Maximizing the Potential for Green Stormwater Infrastructure to Save Energy and Provide Clean Water for People and the Fish they Eat
($3,511,885 over five years)
Stormwater is runoff after a rain event and is particularly problematic because chemicals from the atmosphere, soil, roofs, fences, roadways, driveways, and parking lots are transported to surface and marine waters. The pollutants contained in stormwater have been found to be toxic to a range of aquatic organisms including salmon. Exposure to stormwater from urban roadways can kill adult Coho salmon in as little as two and a half hours and juvenile Chinook salmon may harbor up to 81 pharmaceuticals and personal care products in their tissues. WSU is uniquely positioned to be a global leader in “green” solutions for stormwater management and curb this enormous threat to the health of our waterways and the food sources that live in them. Over the next five years the WSU Stormwater team will generate basic and applied knowledge about stormwater including contaminant movement through microbial communities, public policy and behavioral economics, and geographic information sciences. This information will be used to implement new practices and provide the foundation for policies that will transform the current state of stormwater management and highlight WSU as a leader in the generation of novel solutions for minimizing the impact of human behavior on finite natural resources.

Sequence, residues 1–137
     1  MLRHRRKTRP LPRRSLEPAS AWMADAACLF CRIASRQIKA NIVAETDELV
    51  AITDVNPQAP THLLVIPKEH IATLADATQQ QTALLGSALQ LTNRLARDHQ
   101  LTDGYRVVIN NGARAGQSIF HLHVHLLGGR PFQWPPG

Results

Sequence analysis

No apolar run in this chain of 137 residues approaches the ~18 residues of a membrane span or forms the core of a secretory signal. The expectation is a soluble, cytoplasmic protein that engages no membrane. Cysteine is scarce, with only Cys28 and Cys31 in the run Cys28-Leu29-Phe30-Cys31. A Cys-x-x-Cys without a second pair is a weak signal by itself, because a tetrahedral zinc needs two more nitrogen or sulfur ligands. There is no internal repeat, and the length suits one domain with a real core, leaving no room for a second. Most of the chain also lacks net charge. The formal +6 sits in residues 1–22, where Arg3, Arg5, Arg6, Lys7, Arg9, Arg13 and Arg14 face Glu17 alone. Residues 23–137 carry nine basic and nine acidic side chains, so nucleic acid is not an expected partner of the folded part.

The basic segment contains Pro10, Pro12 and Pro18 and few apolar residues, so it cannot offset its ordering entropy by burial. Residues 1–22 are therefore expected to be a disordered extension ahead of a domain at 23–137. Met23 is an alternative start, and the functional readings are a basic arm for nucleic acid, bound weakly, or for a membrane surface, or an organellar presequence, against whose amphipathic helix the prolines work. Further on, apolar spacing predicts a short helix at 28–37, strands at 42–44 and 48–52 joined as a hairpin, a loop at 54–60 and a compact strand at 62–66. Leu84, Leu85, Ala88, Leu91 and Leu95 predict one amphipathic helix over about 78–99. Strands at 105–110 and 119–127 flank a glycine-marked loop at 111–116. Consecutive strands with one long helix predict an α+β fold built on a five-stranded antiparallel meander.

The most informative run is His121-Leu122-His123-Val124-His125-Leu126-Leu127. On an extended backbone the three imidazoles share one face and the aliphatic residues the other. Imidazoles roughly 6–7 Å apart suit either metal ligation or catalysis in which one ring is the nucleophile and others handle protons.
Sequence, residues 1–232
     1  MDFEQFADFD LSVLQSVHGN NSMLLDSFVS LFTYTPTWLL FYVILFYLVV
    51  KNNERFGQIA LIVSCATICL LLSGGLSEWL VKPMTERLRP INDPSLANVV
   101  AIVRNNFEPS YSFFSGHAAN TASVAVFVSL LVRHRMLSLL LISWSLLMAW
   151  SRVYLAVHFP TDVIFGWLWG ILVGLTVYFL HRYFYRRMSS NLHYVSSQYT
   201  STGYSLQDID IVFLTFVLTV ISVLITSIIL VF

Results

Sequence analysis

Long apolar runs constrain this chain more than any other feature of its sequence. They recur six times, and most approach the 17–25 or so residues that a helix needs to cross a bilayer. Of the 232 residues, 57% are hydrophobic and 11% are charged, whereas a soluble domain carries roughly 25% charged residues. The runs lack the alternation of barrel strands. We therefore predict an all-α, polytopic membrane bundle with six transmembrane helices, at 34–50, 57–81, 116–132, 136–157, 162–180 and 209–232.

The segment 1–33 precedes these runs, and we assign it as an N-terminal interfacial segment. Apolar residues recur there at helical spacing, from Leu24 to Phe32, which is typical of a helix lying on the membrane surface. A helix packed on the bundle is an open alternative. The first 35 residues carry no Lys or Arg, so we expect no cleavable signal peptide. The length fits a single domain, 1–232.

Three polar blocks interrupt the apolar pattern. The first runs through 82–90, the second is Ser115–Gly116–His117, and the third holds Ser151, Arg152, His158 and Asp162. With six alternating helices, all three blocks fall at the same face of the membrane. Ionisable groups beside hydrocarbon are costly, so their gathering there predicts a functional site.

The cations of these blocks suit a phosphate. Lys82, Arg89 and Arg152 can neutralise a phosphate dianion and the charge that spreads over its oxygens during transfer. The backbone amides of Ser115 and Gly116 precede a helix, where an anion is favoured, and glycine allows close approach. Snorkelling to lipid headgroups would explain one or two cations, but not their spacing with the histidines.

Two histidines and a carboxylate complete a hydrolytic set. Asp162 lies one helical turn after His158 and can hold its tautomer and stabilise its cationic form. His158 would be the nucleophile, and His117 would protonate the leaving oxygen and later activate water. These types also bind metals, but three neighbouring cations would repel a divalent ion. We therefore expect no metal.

The initiative will be led by CAHNRS in collaboration with the College of Arts and Sciences and the Voiland College of Engineering and Architecture. It will address one of WSU’s Grand Challenges: Sustainable Resources.